Snippet: Traditional financial institutions have been hit hard by digital disruption, with alternative payment methods such as PayPal and Apple Pay presenting strong competition. According to a 2015 report by the Temenos Group titled Shifting Sands: Banking in the Digital Era, the threat that banks are most concerned about comes from non-traditional players, especially technology companies such as Google.

Traditional financial institutions have been hit hard by digital disruption, with alternative payment methods such as PayPal and Apple Pay presenting strong competition. According to a 2015 report by the Temenos Group titled Shifting Sands: Banking in the Digital Era, the threat that banks are most concerned about comes from non-traditional players, especially technology companies such as Google. In order to be top-of-wallet in this highly competitive environment, banks must offer more, extending their ecosystems to respond to payment and social media trends. In short, they need to go omnichannel.

Let’s consider today’s banking client. Mobile ubiquity and the Internet of Things mean they are “always on”. They want to be constantly surprised and delighted by service providers who exceed (note: not meet) their expectations. They want their experience of a mobile banking service to be frictionless and personalized, and they don’t want the effort of jumping between various apps to execute a single transaction. In fact, sticking to banking functionality per se won’t cut it either: Accenture’s 2014 North America consumer digital banking survey The Digital Disruption in Banking: Demons, Demands, and Dividends shows that clients want financial advice and spending analysis as part of their banking app. The Temenos report’s findings are in line with this, revealing that clients would also welcome real-time, location-based offers, access to complementary services (e.g. legal advice) at preferred rates, loyalty rewards, repositories for contextual information such as saving ambitions, and social media connections. That’s a tall order.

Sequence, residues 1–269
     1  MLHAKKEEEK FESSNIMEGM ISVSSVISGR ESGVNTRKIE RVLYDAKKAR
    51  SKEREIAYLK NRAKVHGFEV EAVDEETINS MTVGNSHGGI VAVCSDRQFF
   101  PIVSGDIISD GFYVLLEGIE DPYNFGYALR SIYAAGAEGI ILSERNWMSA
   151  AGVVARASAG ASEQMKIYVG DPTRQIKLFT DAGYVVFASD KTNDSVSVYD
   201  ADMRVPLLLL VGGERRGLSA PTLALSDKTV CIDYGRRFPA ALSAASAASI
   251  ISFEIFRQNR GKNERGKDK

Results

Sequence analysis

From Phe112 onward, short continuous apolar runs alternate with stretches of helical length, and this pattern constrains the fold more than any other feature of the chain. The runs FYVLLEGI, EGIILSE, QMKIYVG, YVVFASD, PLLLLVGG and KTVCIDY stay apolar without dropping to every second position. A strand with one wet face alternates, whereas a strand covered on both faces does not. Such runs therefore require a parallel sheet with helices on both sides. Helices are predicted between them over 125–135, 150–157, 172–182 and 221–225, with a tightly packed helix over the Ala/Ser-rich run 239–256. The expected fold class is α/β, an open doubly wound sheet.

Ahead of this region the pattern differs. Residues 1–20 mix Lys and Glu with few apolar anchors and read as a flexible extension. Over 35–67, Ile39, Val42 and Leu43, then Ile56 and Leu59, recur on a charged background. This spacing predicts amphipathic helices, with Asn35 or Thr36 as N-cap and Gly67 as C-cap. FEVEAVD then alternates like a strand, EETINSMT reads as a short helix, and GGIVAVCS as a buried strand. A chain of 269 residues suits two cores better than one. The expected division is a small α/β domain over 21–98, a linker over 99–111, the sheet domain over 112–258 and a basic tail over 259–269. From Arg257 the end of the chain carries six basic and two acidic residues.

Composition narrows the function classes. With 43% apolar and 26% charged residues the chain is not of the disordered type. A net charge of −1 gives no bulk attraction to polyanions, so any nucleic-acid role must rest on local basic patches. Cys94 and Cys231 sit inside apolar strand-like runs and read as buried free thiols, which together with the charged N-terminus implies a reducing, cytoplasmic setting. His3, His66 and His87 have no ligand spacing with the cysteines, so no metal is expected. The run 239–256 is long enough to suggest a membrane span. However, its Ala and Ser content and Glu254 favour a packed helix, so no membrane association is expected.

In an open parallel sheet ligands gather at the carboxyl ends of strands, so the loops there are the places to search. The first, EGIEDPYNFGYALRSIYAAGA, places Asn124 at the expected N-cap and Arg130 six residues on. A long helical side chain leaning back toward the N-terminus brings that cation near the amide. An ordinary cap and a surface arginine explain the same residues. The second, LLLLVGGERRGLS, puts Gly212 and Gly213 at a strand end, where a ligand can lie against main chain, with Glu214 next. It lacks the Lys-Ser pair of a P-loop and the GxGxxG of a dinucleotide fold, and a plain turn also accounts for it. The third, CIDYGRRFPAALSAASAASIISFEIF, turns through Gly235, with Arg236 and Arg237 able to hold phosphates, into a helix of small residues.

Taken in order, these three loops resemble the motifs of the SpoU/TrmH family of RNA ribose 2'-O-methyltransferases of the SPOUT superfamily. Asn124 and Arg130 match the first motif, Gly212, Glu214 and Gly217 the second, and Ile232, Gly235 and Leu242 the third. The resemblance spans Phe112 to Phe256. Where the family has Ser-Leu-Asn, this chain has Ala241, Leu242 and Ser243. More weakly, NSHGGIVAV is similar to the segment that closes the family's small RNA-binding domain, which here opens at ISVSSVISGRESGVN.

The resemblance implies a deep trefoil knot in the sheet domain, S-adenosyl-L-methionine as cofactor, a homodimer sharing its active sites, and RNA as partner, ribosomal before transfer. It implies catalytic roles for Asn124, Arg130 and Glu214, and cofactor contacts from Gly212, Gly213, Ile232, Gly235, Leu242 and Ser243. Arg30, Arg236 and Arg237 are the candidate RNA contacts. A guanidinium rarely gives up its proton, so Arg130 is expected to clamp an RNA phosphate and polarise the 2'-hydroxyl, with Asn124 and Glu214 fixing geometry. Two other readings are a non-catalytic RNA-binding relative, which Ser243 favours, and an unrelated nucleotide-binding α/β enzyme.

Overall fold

Now let’s look at what this banking client has to choose from. Most banks currently offer only limited mobile services, some of which are encumbered by legacy authentication processes such as one-time pins (OTPs). Alternative payment systems may be less cumbersome, but they are more exposed to fraud threats because of insufficient security – an effect of the lack of regulation of these systems. Neither of these represents what the client actually wants. And this is where omnichannel banking comes in.

An omnichannel bank offers the client access to a variety of traditional financial services across a wide range of channels, ensuring consistent brand interaction at numerous touch points. More than that, the bank then uses the data received from the various channels to, over time, create a detailed profile of the client, including their shopping decisions, saving and spending habits, entertainment preferences, level of social media involvement, even holiday plans. Aside from indicating which products would be appropriate to sell to a specific client, the data from these profiles can also help predict client churn and customize retention measures. Banks could even partner up with retailers and service providers (Uber, Airbnb, Netflix) to engage with clients even more closely.

An omnichannel bank is successful in not only attracting, but also retaining clients, possessing the elusive attribute of stickiness: clients are less likely to leave a bank if it acts as the key to securely accessing other services online and if they are used to interacting with it every day. But in order for a bank to capitalize on this opportunity, clients have to trust the bank completely, making available to it even more of their vulnerable personal data than before. The only means for the bank to foster this trust is by providing state-of-the-art security measures such as out-of-band, multi-factor authentication, and X.509 digital certificate technology. And the best way to retain clients is to offer them ease of use: no OTPs, no switching between apps, and no remembering passwords. One way to achieve both of these things is to use Entersekt’s Transakt Software Development Kit, which can be integrated seamlessly into any existing mobile app. Mobile banking secured by Entersekt is trustworthy, convenient and ready to go omnichannel.

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Jolette Roodt

WRITER/ANALYST

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Entersekt is an innovator of customer-centric fintech solutions. Financial services providers and other enterprises rely on our patented mobile identity system to provide both security and the best in convenient new digital experiences to their customers, irrespective of the service channel. With us, they can concentrate on their innovation roadmap, while delivering intuitive, low-friction digital experiences to their customers.